Q & A with Kimberley Hornby, MD of Hornby Whitefoot PR

Company: Hornby Whitefoot PR
  • Kimberley speaking at a GIMA Day Conference
  • Kimberley Hornby

Having represented some of the biggest businesses in the gardening industry, including leading trade organisations and charities, and heading up Glee’s PR team for the last ten years, it would be impossible to pitch Kimberley Hornby as a ‘rising star’.  However, since her appointment as Managing Director of Hornby Whitefoot PR in 2015, her reputation has grown further as she stakes her place as the go-to person for public relations within the industry.

What has been your career highlight so far?

Finally getting the BBC to come to Glee this year (after hundreds of emails and phone calls) was certainly a very recent highlight, as was being made ambassador for Greenfingers, and a member of the Garden Media Guild.  Having the support of our clients and editors when I took over from Michelle, and knowing I had a great support network was also a lovely feeling. But I don’t really like to rest my laurels on any one event – I’m much more focused on client retention and growing the portfolio.  We’ve added some exciting new clients this year, whilst also holding onto our favourites.  In the world of PR, even when you know you’ve had a solid 12 months, achieving great coverage and creating a buzz for your client – they can still turn around and say that’s it.  So when they say yes to another year, even when it might be a given, it’s a great feeling.

You’ve got quite a reputation for speed and attention for detail, hard work but also being a lot of fun.  What’s your secret?!

Sleep. Lots of sleep. And wine! But beyond that, learning not to overthink, and just letting it flow.  If the world hasn’t stopped spinning then I know it’s not been an absolute disaster.  Also loving your job is vital.  And I do. I truly do love what I do.  That’s mostly due to the people that I have the privilege of working with, and the fact that I am genuinely passionate about creating the best possible results for my clients, whilst also providing editors with the info they need, when they need it.  I know others will agree with me, when a job doesn’t feel like work, it becomes a lot more enjoyable, and the results speak for themselves.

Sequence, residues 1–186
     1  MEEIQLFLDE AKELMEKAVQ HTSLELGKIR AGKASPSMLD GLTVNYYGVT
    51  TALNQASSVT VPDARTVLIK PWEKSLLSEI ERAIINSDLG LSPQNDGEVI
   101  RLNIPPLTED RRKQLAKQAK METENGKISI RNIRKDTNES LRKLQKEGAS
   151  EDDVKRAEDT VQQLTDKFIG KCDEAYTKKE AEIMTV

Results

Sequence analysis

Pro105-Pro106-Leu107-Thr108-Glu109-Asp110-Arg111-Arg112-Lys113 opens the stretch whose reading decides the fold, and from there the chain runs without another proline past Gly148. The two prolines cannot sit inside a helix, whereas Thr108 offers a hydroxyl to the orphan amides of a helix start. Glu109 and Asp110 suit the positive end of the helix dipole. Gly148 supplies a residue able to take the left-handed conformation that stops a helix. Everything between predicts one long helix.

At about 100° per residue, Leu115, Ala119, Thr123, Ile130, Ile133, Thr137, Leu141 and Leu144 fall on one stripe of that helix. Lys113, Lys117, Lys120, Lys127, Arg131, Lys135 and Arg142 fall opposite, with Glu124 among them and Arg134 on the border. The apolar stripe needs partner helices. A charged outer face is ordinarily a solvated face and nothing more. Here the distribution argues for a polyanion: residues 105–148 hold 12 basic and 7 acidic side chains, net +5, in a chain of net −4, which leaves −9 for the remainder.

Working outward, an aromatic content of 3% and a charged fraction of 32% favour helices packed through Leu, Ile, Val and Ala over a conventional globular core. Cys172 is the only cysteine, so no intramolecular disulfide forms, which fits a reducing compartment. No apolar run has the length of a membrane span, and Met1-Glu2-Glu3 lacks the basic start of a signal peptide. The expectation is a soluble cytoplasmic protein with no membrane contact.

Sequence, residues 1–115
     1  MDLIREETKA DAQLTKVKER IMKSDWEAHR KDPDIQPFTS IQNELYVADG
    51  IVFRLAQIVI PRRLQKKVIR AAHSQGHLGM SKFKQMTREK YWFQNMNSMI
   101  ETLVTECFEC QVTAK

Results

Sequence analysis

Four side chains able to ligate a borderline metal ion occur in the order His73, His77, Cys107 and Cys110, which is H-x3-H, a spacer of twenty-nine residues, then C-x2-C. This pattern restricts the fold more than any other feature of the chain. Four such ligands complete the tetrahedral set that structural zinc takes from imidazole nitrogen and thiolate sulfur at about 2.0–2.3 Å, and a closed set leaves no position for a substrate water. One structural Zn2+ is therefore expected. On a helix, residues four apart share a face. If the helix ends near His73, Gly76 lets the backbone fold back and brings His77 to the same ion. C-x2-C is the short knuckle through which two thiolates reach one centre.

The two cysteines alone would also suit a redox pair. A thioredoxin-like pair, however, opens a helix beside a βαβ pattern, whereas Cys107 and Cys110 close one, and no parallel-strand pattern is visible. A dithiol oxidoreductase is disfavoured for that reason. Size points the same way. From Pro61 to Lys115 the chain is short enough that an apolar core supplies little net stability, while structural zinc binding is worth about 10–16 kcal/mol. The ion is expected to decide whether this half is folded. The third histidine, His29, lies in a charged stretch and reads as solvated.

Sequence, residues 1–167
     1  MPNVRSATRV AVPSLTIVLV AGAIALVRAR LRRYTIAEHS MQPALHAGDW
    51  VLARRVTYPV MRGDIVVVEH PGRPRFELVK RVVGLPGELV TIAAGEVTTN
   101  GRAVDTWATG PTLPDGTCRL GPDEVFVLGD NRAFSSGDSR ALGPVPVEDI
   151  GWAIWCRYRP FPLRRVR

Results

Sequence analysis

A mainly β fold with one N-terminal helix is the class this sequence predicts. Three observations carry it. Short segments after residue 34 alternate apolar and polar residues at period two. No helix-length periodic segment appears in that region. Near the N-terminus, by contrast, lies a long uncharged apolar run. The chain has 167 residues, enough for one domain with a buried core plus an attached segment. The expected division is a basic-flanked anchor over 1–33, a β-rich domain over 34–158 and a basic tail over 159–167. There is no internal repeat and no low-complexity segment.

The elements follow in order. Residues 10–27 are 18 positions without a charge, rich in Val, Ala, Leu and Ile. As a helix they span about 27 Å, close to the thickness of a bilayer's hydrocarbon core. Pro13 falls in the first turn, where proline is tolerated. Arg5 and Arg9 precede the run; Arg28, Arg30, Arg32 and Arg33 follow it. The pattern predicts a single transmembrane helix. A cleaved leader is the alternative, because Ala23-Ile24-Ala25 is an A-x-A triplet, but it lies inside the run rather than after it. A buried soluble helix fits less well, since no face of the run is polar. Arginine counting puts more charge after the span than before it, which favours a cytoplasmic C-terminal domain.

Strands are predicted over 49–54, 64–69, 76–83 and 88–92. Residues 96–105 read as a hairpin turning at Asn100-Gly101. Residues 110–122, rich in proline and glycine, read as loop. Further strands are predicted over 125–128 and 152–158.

Is it true you are also studying for a degree?

I am.  I’m currently working on my masters in Psychology. I have to be learning something at all times or else my brain will crumble.  I also love a #funfact and am happy to bore people with them whenever possible!

PR is seen by some as a ‘nice to have’ and others as an absolute necessity. What do you say to those that say they can’t afford do it?

I would say can you afford not to?  Do you have a monopoly on your sector and are able to control what the media and others say about you with a click of your fingers?  Of course not – and that is why I will always argue PR is essential to your business.  You need to stand out from the competition and have good relationships with the media.  PR doesn’t have to be expensive, but similarly you do get what you pay for.  There’s also a danger of wasting money on package deals that don’t take a business’ long-term goals into consideration.  HWPR’s success lies in the fact that we believe it is integral to understand our clients; what message they want to put out; what they need and how PR can support their wider business growth plans.  It’s all about PR strategy, so looking at the mid to long-term picture.  We can build a strategy on any budget, we just need to take the time to work with the client to sort through the most important aspects of their public relations and help them prioritise.  From there we can build a PR plan that meets budgets, whilst maximising a wealth of opportunities, and not just using a scattergun approach as I’ve seen so many other agencies do.  We want our clients to understand PR – what we’re doing and how their money is being spent.  We don’t expect them to be PR experts (that’s our job) but it’s important that they feel they have ownership and understand the results.

Is PR still relevant in the social media age?